Menkhorst P. Hunted, marooned, re-introduced, and contracepted: A history of Koala management in Victoria. In: Lunney D, Munn L, Meikle W, editors. Too Close for Comfort: Contentious Issues in Human-wildlife Encounters. Mosman, NSW: Royal Zoological Society of NSW; 2008. p. 73–92.
Masters P, Duka T, Berris S, Moss G. Koalas on Kangaroo Island: from introduction to pest status in less than a century. Wildl Res. 2004;31:267–72.
Whisson DA, Holland GJ, Carlyon K. Translocation of overabundant species: implications for translocated individuals. J Wildl Manag. 2012;76:1661–9.
Menkhorst P: Literature review: responses of Koalas to translocation. Technical Report Series No 279, Arthur Rylah Institute 2017, 279.
Cork SJ, Warner A. The passage of digesta markers through the gut of a folivorous marsupial, the koala Phascolarctos cinereus. J Comp Physiol. 1983;152:43–51.
Marsh KJ, Moore BD, Wallis IR, Foley WJ. Continuous monitoring of feeding by koalas highlights diurnal differences in tree preferences. Wildl Res. 2014;40:639–46.
Whisson DA, Carlyon K. Temporal variation in reproductive characteristics of an introduced and abundant island population of koalas. J Mammal. 2010;91:1160–7.
Carrick F, Wood A. Use of antibiotics in koalas. In: 12th annual conference of wildlife disease association, Australian Section; Tambourine Mountain, Queensland; 1986. p. 12.
Martin RW. Age-specific fertility in three populations of the koala, Phascolarctos cinereus Goldfuss, in Victoria. Wildl Res. 1981;8:275–83.
Carroll IM, Ringel-Kulka T, Siddle JP, Klaenhammer TR, Ringel Y. Characterization of the fecal microbiota using high-throughput sequencing reveals a stable microbial community during storage. PLoS One. 2012;7:e46953.
Dominianni C, Wu J, Hayes RB, Ahn J. Comparison of methods for fecal microbiome biospecimen collection. BMC Microbiol. 2014;14:103.
Choo JM, Leong LE, Rogers GB. Sample storage conditions significantly influence faecal microbiome profiles. Sci Rep. 2015;5:16350.
Cardona S, Eck A, Cassellas M, Gallart M, Alastrue C, Dore J, Azpiroz F, Roca J, Guarner F, Manichanh C. Storage conditions of intestinal microbiota matter in metagenomic analysis. BMC Microbiol. 2012;12:158.
Engelbrektson A, Kunin V, Wrighton KC, Zvenigorodsky N, Chen F, Ochman H, Hugenholtz P. Experimental factors affecting PCR-based estimates of microbial species richness and evenness. ISME J. 2010;4:642–7.
Caporaso JG, Kuczynski J, Stombaugh J, Bittinger K, Bushman FD, Costello EK, Fierer N, Pena AG, Goodrich JK, Gordon JI. QIIME allows analysis of high-throughput community sequencing data. Nat Methods. 2010;7:335.
Quast C, Pruesse E, Yilmaz P, Gerken J, Schweer T, Yarza P, Peplies J, Glöckner FO. The SILVA ribosomal RNA gene database project: improved data processing and web-based tools. Nucleic Acids Res. 2012;41:D590–6.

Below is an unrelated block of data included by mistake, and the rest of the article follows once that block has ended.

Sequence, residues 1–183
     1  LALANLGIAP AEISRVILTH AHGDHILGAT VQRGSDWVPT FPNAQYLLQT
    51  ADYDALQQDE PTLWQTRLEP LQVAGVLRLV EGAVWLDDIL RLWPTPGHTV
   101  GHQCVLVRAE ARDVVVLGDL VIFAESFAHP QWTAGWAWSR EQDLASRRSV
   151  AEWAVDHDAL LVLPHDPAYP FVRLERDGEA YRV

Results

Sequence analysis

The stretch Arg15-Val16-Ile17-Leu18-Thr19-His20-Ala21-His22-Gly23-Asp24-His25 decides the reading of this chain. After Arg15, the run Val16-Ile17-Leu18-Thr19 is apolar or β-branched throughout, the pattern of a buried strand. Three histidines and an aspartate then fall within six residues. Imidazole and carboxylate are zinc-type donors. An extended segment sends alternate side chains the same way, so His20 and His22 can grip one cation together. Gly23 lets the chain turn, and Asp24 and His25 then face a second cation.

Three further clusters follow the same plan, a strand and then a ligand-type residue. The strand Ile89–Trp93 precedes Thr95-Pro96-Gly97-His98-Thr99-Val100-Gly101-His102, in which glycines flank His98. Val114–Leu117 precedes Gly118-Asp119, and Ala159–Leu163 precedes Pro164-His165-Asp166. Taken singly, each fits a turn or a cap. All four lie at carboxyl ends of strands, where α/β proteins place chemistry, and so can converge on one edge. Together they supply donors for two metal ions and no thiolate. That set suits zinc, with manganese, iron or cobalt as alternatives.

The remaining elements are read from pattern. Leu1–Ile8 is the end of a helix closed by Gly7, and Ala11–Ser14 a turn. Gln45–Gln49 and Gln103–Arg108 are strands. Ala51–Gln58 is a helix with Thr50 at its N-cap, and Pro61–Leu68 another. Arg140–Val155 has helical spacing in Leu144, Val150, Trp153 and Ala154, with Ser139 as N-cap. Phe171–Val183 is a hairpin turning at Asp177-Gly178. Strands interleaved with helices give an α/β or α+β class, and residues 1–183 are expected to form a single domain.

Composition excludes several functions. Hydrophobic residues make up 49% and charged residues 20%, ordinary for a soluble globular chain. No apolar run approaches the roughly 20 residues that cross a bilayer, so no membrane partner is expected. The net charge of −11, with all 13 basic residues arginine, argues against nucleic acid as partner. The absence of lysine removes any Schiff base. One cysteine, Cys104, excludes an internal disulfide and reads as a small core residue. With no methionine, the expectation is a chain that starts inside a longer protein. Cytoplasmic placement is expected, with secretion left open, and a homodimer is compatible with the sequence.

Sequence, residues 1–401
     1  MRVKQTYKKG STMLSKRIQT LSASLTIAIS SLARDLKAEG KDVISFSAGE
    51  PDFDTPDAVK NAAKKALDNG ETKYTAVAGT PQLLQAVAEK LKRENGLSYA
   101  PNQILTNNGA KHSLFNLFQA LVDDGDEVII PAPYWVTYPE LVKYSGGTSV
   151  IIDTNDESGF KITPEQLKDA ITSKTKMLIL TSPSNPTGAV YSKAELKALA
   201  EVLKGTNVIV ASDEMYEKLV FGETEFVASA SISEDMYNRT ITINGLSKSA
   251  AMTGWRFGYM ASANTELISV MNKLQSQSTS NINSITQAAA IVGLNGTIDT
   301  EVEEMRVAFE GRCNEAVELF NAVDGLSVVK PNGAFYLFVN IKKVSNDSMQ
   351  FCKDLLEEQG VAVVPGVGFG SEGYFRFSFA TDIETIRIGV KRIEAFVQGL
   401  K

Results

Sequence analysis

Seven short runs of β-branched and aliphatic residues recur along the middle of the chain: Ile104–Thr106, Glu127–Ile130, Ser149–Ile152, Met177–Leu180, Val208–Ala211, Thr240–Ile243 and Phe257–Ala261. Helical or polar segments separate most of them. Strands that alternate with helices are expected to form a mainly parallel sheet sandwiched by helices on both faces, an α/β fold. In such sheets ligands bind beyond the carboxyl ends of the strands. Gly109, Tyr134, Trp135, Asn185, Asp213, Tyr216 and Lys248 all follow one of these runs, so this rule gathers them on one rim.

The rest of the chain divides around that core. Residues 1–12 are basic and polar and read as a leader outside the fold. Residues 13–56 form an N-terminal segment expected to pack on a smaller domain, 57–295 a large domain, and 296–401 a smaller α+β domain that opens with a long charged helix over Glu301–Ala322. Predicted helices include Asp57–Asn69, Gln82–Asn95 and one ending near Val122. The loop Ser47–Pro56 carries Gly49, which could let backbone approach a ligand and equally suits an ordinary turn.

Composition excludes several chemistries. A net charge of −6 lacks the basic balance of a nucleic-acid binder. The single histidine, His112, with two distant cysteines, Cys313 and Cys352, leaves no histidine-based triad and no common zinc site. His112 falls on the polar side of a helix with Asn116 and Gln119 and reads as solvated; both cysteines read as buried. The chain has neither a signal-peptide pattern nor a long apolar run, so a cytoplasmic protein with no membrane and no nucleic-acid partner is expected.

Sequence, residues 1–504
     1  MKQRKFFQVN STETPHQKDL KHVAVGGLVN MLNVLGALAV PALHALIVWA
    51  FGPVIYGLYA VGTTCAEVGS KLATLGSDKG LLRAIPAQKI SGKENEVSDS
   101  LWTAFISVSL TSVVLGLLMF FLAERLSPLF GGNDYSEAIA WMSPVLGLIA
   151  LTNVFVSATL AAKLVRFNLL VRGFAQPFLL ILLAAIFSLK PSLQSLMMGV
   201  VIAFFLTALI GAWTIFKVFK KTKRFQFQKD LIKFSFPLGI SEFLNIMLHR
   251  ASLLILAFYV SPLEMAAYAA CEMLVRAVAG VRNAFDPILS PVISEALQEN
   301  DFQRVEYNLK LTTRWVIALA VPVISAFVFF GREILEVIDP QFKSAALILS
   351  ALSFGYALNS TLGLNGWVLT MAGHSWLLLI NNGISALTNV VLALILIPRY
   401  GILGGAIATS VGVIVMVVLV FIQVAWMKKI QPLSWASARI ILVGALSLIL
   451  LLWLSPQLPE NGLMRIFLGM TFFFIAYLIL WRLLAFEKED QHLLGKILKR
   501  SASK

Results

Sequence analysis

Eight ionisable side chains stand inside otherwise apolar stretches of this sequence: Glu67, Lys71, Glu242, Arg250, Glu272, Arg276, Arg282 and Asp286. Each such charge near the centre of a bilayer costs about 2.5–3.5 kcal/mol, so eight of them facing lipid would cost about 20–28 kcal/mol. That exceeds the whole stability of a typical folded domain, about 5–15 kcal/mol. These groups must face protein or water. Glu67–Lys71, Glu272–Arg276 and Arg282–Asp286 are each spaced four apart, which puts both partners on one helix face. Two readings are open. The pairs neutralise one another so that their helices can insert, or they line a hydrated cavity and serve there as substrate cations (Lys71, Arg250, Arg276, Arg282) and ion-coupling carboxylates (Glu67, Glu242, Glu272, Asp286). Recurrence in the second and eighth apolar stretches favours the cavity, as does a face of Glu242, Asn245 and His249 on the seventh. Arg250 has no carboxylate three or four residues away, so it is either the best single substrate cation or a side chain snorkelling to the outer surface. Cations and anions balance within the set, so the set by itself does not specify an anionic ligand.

Yilmaz P, Parfrey LW, Yarza P, Gerken J, Pruesse E, Quast C, Schweer T, Peplies J, Ludwig W, Glöckner FO. The SILVA and “all-species living tree project (LTP)” taxonomic frameworks. Nucleic Acids Res. 2013;42:D643–8.
Oksanen J, Guillaume Blanchet F, Friendly M, Kindt R, Legendre P, McGlinn D, Minchin PR, O'Hara RB, Simpson GL, Solymos P, et al: vegan: Community Ecology Package. R package version 2.5–2 edition; 2018.
R-Core-Team. R: a language and environment for statistical computing. Vienna: R Foundation for Statistical Computing; 2012.
Vavrek MJ. Fossil: palaeoecological and palaeogeographical analysis tools. Palaeontol Electron. 2011;14:16.
Cáceres MD, Legendre P. Associations between species and groups of sites: indices and statistical inference. Ecology. 2009;90:3566–74.
Bates D, Maechler M. Bolker B: lme4: linear mixed-effects models using S4 classes; 2012.
Kuznetsova A, Brockhoff PB. Christensen RHB: lmerTest: tests for random and fixed effects for linear mixed effect models (lmer objects of lme4 package); 2013.
We thank the following people who assisted with fieldwork and koala husbandry: Huiying Wu, Georgina Pitson, Jessica Pulvirenti, Denise Dearing, Sam Fischer, Sarah Leeson, Lauren Halstead and Giselle Owens. We also thank Cheyne Flanagan at the Port Macquarie koala hospital for her training in koala sedation with isoflurane, and the Australian Centre for Ecogenomics sequencing team.
This research was funded by the Australian Research Council (LP140100751) in partnership with Evolva Biotech A/S, the NSW Office of Environment and Heritage and The Conservation Ecology Trust.
Ethics approval and consent to participate
Fieldwork was carried out with approval from the Western Sydney University Animal Care and Ethics Committee (A12282) and with a scientific permit from the Victorian Department of Environment, Land, Water and Planning (10008442).
Consent for publication
The authors declare that they have no competing interests.
In vitro development of capsules for faecal inoculation experiment. (PDF 89 kb)
Figure S1. Image of the layers formed when the faecal samples were mixed with ¼ Ringers solution to form a slurry and centrifuged for 15 min. Figure S2. Map of study site indicating koala capture locations, eucalupt forect type and site of location of captive experiement. MG1 = captive koala cohort 1, MG2 = captive koala cohort 2, MM = treatment donor koalas. Figure S3. Timeline for faecal inoculation experiment. Blue circles indicate when faecal samples were collected for GI microbiome assessment. In the green feeding schedule bar, MG = manna gum; and MM = messmate. D = Day, N=Night. Weights of the captive koalas over time. Experiment day 0 was the first day of the faecal inoculations. The inoculation period is indicated by the grey box. Each koala is represented by a different symbol. Control koalas are shown in blue and treatment koalas are shown in red. The control koala shown by the open square was released 9 days after the faecal inoculations concluded due to unacceptable weight loss. (PDF 393 kb)
Table S1. Study Koalas. Table S2. Donor Koala Faeces Used in Inoculum on Each Day: Cohort MG1. Table S3. Donor Koala Faeces Used in Inoculum on Each Day: Cohort MG2. (PDF 428 kb)
About this article
Cite this article
Blyton, M.D.J., Soo, R.M., Whisson, D. et al. Faecal inoculations alter the gastrointestinal microbiome and allow dietary expansion in a wild specialist herbivore, the koala. anim microbiome 1, 6 (2019). https://doi.org/10.1186/s42523-019-0008-0
- Faecal transplant
- E. obliqua
- E. viminalis